The police have not yet found the leader behind the call center. Zaini said that they have Chinese nationals as their clients, and all the transfers were made directly to the banks in China.
In certain ways, China has had a big impact on Macau’s gambling revenue. While it hasn’t been intentional, the trade war with the U.S., protests in Hong Kong, a weaker domestic economy and a strict anti-online gambling stance have been responsible for weaker gambling action in the city. According to one analyst, this pressure could soon spread into Europe, as well, causing its gaming industry to suffer.
The People’s Bank of China has announced that it is close to introducing the first national cryptocurrency known as the Digital Currency Electronic Payment (DCEP).
China has imposed a curfew to limit the time spent by children playing games online, in the latest part of a government crackdown on youth gaming addiction.
Gambling is illegal in China and online gambling centres which cater to Chinese nationals have sprouted up across ASEAN as a result – most notably in Cambodia and the Philippines.
Chinese state television said today it would not air National Basketball Association (NBA) exhibition games played in the country this week, heaping pressure on the US basketball league after a tweet by a Houston Rockets executive backing protests in Hong Kong.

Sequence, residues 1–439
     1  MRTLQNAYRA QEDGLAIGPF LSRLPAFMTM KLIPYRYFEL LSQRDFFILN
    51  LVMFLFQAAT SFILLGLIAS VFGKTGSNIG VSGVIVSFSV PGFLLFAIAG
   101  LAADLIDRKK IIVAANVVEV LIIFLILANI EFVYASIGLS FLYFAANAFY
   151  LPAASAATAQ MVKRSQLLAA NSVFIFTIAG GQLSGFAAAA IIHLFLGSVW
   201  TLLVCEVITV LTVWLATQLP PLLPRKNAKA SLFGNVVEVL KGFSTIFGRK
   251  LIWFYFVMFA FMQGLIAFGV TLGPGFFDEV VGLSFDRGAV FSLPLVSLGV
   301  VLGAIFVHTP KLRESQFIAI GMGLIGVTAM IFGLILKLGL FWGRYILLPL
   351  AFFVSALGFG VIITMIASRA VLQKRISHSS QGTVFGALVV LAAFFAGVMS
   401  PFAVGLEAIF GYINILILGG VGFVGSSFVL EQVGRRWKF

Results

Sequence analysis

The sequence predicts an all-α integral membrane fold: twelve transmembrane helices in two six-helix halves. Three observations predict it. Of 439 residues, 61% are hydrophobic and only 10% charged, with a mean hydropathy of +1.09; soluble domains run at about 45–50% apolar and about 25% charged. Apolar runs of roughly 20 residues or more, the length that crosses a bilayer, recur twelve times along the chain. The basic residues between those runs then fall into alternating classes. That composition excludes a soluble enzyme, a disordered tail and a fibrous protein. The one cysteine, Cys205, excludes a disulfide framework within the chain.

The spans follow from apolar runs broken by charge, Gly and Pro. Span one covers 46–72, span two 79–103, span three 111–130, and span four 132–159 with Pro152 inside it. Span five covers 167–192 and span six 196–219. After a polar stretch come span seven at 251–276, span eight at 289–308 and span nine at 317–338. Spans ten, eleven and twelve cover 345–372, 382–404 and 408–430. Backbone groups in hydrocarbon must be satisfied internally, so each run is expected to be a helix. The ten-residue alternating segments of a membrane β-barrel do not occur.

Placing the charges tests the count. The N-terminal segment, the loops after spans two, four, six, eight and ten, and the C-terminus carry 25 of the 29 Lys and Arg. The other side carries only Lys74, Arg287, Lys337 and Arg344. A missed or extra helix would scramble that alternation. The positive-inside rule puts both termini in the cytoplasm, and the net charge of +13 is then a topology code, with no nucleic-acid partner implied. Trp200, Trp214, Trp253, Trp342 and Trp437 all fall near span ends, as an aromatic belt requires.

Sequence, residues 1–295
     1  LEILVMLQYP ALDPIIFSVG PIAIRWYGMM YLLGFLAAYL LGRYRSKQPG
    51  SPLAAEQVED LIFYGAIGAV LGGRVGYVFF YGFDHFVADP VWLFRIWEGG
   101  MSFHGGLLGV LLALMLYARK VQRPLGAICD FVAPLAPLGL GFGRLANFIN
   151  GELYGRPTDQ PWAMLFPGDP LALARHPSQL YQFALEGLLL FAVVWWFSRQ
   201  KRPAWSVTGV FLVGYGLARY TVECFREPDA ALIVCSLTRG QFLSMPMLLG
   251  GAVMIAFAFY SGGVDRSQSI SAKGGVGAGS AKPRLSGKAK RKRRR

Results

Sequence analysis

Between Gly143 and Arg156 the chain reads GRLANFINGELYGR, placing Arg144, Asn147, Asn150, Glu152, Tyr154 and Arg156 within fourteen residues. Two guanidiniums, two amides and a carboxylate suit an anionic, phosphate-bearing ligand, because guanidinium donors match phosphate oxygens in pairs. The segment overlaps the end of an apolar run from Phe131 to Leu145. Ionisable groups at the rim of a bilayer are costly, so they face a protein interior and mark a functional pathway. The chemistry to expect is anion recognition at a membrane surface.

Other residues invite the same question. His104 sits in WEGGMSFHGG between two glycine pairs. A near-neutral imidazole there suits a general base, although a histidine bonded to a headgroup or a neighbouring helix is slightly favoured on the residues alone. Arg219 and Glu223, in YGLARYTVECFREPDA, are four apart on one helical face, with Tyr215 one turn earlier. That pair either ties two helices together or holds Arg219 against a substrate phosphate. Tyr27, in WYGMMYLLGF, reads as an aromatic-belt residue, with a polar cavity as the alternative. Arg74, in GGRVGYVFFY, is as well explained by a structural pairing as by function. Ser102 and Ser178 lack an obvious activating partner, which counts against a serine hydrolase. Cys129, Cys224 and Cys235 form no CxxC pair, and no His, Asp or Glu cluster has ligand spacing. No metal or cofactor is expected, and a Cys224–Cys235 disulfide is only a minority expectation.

China continues to send out signals that its recent efforts to stamp out online gambling in other Southeast Asian nations are no passing fancy.
Chinese and Cambodian authorities have arrested almost 1,000 people suspected of engaging in online gambling, telecommunications fraud and gang crimes this year, according to information released by China’s Ministry of Public Security.
Macau’s Gaming Inspection and Coordination Bureau has restricted Macau gaming operators from transferring to third parties – based in Macau or elsewhere – any information related with their respective “gaming activities or operations, including customer personal data”. The restriction by the casino regulator – a body also known by its Portuguese acronym DICJ – additionally covers the city’s junket operators, reported the Macau News Agency.
Alibaba and rival Tencent Holdings each boast about 1 billion users of their payment platforms, which account for 90% of total mobile transactions. They have spurred a shift away from cash and spawned countless businesses that rely on this new financial infrastructure.